Despite being challenging, 2021 was a good year for us in terms of test drives. We picked up the slack from the previous year and tested an impressive number of cars: sixty (60). Of course, majority of them were BMW Group models. There were some other brands we managed to review, so it’s fair to say that 2021 has been a busy year for us. As we head into the new year, we wanted to look back and pick our favorite BMW cars we drove in 2021. Next year is shaping up to be equally exciting for us, but as it is the norm today, lots of things can change in a split of a second.
Nico — BMW M5 CS
To be honest, 2021 wasn’t my biggest car year. Due to the lingering effects of Covid, I didn’t go on any press launches and loaner cars weren’t as frequent. Most of my test drives were BMWs, though there were a few Audis, Genesis, and Lexus models sprinkled in. Some of which were genuinely great cars, such as the BMW M3 Competition, Audi RS7 Sportback, Audi RS Q8, and Genesis GV70. However, there can only be one and it was an easy choice — the BMW M5 CS.
Nothing came close, this past year, to offering the level of fun and excitement as the M5 CS. It’s an absolutely brilliant car, one that could be BMW’s best in decades. Not only is it brutally fast — ripping of a 2.8 second 0-60 mph time and a sub-eleven second quarter-mile on a rough, dusty runway — but it’s sensational to drive. The M5 CS offers steering feel, chassis balance, and body control like no other BMW I can remember in recent years.
Then there’s the interior. Carbon fiber bucket seats from the M3 and M4 make the front passengers feel like they’re in a race car, despite being in a big, four-door sedan. Even more interesting, though, is the back seat, which replaces the typical rear bench with two more bucket seats, so the rear passengers don’t miss out on that racecar feel.
If I could choose just one BMW to own from the modern era, I wouldn’t even blink: it’d be the BMW M5 CS.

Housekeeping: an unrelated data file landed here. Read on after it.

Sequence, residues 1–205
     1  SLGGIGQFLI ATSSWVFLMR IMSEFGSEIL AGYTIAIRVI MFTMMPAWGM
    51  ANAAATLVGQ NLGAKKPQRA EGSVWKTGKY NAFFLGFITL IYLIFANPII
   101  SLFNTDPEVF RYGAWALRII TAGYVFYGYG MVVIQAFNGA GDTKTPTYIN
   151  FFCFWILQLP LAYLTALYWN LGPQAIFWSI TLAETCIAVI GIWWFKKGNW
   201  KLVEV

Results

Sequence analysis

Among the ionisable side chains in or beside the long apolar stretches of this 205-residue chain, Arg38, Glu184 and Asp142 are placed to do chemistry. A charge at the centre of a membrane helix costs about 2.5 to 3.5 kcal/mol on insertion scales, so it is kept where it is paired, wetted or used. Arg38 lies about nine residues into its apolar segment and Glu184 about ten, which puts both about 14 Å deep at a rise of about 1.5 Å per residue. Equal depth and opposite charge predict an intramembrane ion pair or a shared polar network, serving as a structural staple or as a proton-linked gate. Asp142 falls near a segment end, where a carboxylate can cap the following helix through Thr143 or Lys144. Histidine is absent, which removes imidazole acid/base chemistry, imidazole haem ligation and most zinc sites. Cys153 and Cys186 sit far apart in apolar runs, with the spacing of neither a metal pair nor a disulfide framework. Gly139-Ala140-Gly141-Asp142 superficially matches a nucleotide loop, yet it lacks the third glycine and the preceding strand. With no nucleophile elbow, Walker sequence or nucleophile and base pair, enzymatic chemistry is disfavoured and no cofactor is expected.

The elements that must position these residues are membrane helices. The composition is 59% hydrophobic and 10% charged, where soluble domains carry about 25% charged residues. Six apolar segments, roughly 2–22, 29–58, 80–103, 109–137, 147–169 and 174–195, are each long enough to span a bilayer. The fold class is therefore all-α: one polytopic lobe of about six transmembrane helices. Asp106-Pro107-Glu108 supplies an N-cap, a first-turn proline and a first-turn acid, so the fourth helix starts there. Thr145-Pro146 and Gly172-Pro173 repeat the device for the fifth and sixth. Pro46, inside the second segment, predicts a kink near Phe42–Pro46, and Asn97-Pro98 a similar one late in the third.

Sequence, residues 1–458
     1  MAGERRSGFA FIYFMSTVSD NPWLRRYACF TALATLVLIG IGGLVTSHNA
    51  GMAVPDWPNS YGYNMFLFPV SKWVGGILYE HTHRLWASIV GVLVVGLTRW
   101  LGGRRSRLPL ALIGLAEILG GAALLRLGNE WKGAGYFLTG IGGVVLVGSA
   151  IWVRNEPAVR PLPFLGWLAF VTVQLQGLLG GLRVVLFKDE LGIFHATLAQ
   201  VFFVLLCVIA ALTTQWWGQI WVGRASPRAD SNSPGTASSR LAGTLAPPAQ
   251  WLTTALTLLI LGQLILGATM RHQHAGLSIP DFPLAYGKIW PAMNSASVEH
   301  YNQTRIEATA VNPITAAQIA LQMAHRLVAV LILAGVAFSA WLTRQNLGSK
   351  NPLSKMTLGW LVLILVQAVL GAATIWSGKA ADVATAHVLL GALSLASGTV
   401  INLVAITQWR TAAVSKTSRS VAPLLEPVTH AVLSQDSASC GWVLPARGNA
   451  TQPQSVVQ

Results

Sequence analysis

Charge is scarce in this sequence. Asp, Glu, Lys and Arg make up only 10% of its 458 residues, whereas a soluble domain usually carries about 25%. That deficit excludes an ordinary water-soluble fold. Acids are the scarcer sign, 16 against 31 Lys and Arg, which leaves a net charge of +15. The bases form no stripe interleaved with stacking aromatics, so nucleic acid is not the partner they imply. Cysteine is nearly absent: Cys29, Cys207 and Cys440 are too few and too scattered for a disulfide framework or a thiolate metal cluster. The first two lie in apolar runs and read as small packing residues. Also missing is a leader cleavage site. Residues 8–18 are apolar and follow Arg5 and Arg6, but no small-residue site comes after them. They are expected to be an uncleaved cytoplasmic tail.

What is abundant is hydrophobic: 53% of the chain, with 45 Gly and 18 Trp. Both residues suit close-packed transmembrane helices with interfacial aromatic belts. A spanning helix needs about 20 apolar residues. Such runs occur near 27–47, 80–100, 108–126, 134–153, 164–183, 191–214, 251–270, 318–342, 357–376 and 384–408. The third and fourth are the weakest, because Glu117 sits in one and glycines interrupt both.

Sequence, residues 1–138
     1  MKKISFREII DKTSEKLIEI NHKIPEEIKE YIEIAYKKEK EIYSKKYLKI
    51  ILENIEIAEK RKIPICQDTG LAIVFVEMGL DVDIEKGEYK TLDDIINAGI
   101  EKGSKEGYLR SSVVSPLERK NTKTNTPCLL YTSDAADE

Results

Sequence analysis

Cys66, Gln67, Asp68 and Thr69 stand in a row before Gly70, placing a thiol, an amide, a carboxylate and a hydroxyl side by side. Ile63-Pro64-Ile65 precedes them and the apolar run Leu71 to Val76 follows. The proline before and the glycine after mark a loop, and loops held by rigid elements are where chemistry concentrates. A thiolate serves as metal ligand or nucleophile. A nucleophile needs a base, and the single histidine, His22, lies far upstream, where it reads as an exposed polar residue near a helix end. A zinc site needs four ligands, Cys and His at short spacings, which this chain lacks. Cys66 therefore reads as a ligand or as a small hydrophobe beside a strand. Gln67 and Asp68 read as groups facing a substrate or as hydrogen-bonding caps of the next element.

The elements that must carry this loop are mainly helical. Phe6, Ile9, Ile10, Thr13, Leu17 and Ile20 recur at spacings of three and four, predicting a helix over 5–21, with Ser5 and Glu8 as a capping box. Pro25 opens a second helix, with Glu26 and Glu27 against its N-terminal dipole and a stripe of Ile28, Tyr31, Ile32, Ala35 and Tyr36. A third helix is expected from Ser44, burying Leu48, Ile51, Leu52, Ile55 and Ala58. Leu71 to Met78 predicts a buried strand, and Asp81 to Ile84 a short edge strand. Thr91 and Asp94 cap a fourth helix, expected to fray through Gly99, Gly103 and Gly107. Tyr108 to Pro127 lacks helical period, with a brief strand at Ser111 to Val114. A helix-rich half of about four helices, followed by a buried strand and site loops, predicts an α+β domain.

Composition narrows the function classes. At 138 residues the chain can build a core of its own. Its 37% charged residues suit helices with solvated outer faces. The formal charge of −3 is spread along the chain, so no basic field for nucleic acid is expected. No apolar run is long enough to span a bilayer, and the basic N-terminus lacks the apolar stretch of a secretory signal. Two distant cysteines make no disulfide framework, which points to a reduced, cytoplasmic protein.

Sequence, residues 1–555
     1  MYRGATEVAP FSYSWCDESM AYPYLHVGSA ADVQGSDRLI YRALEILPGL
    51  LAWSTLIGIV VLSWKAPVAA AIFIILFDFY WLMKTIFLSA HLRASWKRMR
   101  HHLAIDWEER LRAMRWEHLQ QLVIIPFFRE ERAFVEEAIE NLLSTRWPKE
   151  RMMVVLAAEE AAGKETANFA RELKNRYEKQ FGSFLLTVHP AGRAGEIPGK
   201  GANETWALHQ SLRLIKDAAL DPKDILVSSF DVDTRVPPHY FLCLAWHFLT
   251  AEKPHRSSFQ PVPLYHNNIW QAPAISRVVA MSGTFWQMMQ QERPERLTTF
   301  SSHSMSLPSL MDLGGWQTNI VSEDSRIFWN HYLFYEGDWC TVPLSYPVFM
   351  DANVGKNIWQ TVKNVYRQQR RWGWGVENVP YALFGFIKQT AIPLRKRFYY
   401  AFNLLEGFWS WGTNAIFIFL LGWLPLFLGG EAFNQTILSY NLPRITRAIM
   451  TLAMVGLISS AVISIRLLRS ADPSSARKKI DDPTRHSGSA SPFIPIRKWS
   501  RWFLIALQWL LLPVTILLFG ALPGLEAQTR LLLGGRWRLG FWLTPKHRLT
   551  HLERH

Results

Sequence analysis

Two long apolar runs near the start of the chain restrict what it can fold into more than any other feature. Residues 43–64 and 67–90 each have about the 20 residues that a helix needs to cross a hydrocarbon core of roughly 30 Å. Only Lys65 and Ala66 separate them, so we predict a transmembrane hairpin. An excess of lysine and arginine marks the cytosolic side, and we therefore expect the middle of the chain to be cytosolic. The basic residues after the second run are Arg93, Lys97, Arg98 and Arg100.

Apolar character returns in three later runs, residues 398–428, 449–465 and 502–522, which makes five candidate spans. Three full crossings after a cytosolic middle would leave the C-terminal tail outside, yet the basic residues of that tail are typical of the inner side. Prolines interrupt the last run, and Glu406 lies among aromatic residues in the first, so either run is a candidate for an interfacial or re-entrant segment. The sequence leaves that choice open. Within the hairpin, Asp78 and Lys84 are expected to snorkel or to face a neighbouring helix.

Horatiu — BMW iX
There is no secret that I’ve been a fan of electric cars for many years. As a fun tidbit, I’m actually on my fourth BMW i3 and it still brings me joy as it did in 2014. So naturally, I was quite excited to finally see some new BMW products with an electric drivetrain. After driving an i4 prototype and then the production car, I was fortunate enough to jump behind the wheel of the new flagship BMW EV: The iX.
The bespoke electric crossover has been in works since 2015 and it is now finally ready to tackle a very competitive segment. Being built on a unique architecture, the BMW iX makes full use of the package by providing not only a smart and practical interior, but also a quite spacious one. The ride is also atypical of a BMW car with a focus on comfort rather than driving dynamics. Yet, it still delivers tons of performance – 516 hp – and a 0 to 62 mph in 4.6 seconds. The electric range is equally important in the iX, so BMW managed to squeeze out 300 miles (EPA rating) from a 105 kWh battery hidden in the floor of the car.
The BMW iX might not be everyone’s cup of tea, and sure, some might still complain about its range, but it is a fantastic product, smartly designed and worthy of the BMW badge.
Gabriel — BMW M3 Competition and iX
As time goes by and technology evolves, it’s getting obvious that electric cars are going to take over in the next 10 to 15 years. We’re already seeing a lot of effort being put into the EV segment and that also reflected my experience this year. Out of the 120 cars I drove this year, almost half were electrified in one way or another. That’s also why the BMW iX is one of the best cars I drove this year with a blue and white roundel on the hood.
The reason why it’s one of my top two is rather simple: it has one of the best suspension setups of all the electric vehicles I had the pleasure of testing out. It’s nimble, smooth, quiet and incredibly comfortable. Sure, the one I tested was an iX xDrive50 model with the optional air suspension tacked on, but it’s quite an eye-opening experience. The iX might have some faults, from the range to the design (for some people) but when it comes to refinement, few electric cars can reach its level.
As for the other car, it would definitely be the M3 Competition (RWD). Why? Pretty simple, actually, it shows that the M engineers still have a place in our very complicated world. This car, in rear-wheel drive guise, is both a beast on the track and a comfortable cruiser whenever you need it to be. The dual character that has been defining M cars for the past 50 years is still there and that’s marvelous in my book. Unlike the BMW iX, the M3 Competition does everything close to perfection and if you can look past its design, you’ll find a rewarding driving experience that might just surprise you.